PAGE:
Iran continues to deliver weapons to Yemen’s Huthi rebels, the US military said Wednesday, following a second interception in less than three months of what Washington said were Iranian arms.
“The seizure is consistent with a historical pattern of Iranian smuggling of advanced weapons to the Huthis in Yemen,” said Captain Bill Urban of US Central Command, which is responsible for US forces in the Middle East, during a briefing at the Pentagon on the latest interdiction.
Both interceptions were in the Gulf region and involved dhow vessels that were sailing without a flag, the first occurring on November 25 and the second on February 9.
Urban presented photos of the seized cargo and said the weapons came from Iran and were intended for the Huthis.
Iran has repeatedly denied providing military assistance to the Huthi rebels, who have seized much of the country’s north and took control of Sanaa in 2014
In the latest seizure, the USS Normandy found 150 “Dhelavieh,” Iranian-made copies of the Russian Kornet anti-tank guided missile and three Iranian-designed and manufactured “358” surface-to-air missiles, he said.
The weapons seized in November included the same type of missiles plus a large number of spare parts for cruise missiles.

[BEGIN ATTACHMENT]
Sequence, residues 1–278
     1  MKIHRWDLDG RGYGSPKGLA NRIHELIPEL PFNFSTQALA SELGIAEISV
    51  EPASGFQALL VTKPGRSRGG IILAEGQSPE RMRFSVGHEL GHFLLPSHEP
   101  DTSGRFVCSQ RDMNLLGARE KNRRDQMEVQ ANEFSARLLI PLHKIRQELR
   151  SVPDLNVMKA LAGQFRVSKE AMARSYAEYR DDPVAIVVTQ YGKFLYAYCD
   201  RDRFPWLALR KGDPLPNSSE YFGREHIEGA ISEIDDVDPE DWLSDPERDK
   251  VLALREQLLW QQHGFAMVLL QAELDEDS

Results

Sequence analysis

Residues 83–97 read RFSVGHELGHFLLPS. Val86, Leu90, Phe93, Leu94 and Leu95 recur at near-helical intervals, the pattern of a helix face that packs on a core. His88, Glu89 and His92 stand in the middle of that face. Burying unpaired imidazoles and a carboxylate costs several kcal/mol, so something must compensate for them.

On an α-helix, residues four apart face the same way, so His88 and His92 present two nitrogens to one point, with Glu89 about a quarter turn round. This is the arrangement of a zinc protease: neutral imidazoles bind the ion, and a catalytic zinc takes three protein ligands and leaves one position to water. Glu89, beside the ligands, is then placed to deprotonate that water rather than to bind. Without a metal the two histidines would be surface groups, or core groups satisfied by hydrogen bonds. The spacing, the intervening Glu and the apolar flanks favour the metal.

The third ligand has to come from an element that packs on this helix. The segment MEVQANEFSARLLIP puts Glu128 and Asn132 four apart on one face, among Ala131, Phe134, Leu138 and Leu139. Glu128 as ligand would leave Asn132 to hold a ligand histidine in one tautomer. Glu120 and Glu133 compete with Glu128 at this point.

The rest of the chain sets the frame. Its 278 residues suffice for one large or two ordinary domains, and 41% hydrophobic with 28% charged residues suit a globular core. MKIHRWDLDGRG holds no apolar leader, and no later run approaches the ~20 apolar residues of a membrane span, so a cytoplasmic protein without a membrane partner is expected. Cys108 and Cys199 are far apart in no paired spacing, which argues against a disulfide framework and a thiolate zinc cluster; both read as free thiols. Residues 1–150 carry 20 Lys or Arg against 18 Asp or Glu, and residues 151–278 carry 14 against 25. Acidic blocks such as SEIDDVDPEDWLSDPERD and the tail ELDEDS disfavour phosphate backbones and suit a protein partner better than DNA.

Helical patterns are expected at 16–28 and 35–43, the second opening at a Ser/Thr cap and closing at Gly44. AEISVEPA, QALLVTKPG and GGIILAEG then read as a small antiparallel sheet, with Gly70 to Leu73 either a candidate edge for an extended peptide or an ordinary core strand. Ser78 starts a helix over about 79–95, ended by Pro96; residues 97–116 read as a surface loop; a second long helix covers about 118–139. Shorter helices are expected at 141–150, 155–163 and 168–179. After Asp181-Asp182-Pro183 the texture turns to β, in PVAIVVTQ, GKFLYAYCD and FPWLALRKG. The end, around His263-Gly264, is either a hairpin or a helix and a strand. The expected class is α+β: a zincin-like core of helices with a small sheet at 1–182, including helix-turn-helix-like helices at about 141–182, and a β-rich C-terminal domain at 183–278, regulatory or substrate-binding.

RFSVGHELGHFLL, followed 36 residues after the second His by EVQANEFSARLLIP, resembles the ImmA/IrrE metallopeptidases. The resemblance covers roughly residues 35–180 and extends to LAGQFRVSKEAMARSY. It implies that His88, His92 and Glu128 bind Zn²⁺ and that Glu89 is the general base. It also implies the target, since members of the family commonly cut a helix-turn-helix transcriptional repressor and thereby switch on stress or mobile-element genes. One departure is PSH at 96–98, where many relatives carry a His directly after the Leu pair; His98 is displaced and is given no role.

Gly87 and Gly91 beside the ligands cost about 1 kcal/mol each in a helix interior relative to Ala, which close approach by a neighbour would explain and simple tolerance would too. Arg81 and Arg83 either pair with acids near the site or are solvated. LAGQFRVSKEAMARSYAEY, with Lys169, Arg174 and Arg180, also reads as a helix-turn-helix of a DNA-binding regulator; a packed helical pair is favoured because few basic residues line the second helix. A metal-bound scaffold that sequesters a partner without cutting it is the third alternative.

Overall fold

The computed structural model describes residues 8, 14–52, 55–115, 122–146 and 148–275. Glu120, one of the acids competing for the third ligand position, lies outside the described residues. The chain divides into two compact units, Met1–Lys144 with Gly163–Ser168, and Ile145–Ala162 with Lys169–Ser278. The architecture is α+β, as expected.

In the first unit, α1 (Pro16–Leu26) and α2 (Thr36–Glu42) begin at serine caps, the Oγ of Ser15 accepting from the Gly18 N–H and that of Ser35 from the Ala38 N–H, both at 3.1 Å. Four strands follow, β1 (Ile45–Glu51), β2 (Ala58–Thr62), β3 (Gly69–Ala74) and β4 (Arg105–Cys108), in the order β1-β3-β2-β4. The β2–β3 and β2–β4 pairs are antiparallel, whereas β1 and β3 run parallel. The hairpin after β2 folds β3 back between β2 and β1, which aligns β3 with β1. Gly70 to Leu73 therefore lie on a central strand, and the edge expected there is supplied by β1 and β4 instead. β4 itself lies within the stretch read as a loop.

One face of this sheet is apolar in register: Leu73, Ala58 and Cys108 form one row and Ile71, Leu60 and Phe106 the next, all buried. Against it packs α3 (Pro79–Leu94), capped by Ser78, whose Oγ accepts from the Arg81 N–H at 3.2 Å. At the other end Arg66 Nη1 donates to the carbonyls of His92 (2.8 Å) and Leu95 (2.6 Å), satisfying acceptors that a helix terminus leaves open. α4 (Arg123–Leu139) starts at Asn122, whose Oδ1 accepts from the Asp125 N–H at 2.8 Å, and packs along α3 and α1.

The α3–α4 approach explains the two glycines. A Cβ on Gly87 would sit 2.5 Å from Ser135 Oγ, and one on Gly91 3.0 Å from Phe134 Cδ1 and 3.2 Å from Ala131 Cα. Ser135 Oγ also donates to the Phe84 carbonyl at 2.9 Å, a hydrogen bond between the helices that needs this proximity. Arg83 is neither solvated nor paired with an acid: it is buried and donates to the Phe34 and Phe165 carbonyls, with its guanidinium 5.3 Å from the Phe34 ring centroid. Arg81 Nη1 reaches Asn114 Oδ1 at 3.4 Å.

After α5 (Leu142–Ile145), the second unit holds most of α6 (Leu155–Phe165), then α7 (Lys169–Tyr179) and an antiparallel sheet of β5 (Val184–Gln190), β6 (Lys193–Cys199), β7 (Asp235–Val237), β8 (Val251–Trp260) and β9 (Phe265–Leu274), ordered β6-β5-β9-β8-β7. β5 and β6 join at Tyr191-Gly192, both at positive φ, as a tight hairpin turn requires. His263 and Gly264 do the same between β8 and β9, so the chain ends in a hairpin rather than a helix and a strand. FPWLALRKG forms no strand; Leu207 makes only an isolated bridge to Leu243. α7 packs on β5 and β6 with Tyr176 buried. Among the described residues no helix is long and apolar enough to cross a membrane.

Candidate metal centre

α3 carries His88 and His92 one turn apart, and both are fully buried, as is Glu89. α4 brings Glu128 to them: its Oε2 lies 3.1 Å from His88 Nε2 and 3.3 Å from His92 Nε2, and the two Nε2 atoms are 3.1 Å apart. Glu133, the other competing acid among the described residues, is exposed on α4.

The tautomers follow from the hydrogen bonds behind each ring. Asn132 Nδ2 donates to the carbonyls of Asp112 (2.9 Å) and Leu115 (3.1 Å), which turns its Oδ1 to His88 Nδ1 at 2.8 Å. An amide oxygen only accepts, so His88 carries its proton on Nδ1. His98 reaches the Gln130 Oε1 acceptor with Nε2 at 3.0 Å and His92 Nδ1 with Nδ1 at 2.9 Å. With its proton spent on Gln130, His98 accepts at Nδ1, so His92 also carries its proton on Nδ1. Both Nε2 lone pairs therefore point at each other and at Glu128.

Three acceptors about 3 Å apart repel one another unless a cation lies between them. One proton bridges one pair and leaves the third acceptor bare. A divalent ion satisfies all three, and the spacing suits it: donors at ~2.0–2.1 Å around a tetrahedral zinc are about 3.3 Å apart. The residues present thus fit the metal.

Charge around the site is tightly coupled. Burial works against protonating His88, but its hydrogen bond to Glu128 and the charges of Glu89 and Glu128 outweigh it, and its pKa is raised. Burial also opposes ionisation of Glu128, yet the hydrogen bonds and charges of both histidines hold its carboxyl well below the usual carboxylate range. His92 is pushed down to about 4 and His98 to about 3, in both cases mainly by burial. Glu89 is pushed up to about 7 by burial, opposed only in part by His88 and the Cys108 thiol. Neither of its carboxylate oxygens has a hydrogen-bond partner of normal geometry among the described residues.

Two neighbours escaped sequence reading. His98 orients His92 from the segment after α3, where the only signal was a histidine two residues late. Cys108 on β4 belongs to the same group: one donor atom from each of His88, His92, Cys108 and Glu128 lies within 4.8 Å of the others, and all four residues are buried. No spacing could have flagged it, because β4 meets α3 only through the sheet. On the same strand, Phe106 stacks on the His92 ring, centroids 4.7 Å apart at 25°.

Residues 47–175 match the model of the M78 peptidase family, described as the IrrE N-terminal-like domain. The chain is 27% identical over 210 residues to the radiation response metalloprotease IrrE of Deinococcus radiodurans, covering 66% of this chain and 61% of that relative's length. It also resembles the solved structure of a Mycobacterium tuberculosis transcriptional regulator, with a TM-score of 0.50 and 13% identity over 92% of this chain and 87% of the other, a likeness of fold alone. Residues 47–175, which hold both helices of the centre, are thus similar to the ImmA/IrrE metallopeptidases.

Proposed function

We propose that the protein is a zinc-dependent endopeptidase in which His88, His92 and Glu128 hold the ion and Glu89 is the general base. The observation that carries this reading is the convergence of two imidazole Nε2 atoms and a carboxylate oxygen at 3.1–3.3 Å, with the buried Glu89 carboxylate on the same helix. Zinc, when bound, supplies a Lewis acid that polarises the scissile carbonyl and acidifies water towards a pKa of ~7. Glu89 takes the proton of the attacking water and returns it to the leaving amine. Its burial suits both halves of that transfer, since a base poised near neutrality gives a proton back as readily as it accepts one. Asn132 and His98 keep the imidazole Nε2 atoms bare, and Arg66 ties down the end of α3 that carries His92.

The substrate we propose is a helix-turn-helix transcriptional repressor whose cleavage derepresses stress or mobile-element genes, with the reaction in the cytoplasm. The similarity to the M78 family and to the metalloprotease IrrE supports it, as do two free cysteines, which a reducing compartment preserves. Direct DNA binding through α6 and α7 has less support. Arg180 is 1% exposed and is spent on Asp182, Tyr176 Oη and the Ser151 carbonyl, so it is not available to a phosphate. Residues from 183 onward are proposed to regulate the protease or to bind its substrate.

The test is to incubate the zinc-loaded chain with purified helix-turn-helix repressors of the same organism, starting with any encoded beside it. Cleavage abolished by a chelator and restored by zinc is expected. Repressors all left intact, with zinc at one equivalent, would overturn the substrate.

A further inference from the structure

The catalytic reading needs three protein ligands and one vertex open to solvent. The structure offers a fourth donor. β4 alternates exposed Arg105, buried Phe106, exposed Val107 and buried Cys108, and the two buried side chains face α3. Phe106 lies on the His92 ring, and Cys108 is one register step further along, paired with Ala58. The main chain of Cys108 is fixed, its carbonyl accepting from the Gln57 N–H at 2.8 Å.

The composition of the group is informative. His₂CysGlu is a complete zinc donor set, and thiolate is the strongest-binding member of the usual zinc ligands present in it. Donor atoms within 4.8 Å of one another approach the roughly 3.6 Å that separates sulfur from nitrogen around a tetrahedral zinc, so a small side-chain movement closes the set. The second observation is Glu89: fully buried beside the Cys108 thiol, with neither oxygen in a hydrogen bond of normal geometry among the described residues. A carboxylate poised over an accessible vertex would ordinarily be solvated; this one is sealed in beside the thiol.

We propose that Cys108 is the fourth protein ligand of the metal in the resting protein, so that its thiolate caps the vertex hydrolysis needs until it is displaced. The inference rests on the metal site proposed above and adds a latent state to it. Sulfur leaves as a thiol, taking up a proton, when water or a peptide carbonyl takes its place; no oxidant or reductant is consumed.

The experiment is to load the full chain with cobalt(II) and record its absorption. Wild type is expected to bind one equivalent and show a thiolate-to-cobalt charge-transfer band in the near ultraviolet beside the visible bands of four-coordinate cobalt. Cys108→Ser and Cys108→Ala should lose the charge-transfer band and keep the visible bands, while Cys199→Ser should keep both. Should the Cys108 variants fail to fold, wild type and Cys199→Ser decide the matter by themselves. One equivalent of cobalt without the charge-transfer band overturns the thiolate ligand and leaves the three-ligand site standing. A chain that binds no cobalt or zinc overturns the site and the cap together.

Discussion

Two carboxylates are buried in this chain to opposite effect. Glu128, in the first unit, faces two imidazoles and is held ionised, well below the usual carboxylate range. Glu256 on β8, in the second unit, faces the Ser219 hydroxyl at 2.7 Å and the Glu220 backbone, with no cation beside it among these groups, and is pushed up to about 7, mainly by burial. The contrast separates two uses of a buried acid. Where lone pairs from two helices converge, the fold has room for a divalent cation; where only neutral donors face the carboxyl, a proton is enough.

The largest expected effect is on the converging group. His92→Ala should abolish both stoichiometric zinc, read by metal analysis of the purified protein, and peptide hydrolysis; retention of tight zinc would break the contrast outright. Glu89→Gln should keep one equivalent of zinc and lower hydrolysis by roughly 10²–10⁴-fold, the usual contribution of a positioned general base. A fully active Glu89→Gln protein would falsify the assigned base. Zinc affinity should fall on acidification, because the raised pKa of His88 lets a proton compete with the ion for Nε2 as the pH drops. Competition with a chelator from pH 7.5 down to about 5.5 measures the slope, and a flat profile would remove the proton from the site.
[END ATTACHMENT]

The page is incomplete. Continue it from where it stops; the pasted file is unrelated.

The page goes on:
The United States assessed “with high confidence” that the weapons “were being illicitly smuggled to the Huthis in Yemen in contravention of multiple UN Security Council Resolutions,” Urban said.
He did not say how the two dhows, which are small boats that circulate in large numbers in the region, had been spotted or where they were loaded.
The crew arrested in the latest shipment were Yemeni and were delivered to the Yemen coast guard, he said.
Iran has repeatedly denied providing military assistance to the Huthi rebels, who have seized much of the country’s north and took control of Sanaa in 2014.
The Huthis are battling the Yemen government, which is backed by a Saudi-led military coalition.
Tens of thousands of people have died in the conflict since 2015 and millions suffer food shortages in what the United Nations calls the world’s worst humanitarian crisis.
Trump said he wanted to get America out of wars. He lied.
When we passed a bipartisan bill to end illegal support for Saudi airstrikes in Yemen, he vetoed it.
Trump ignored the Constitution to keep helping this brutal dictatorship as it bombs civilians. https://t.co/RPMINmhO3F
— Bernie Sanders (@SenSanders) February 18, 2020
The armed conflict in Yemen has killed and injured thousands of Yemeni civilians since it began. Thousands of civilians had been killed and wounded, the majority by Saudi Arabia-led coalition airstrikes, according to the Office of the United Nations High Commissioner for Human Rights (OHCHR). The actual civilian casualties are likely much higher. Thousands more have been displaced by the fighting and millions suffer from shortages of food and medical care
AFP with inputs from News Desk.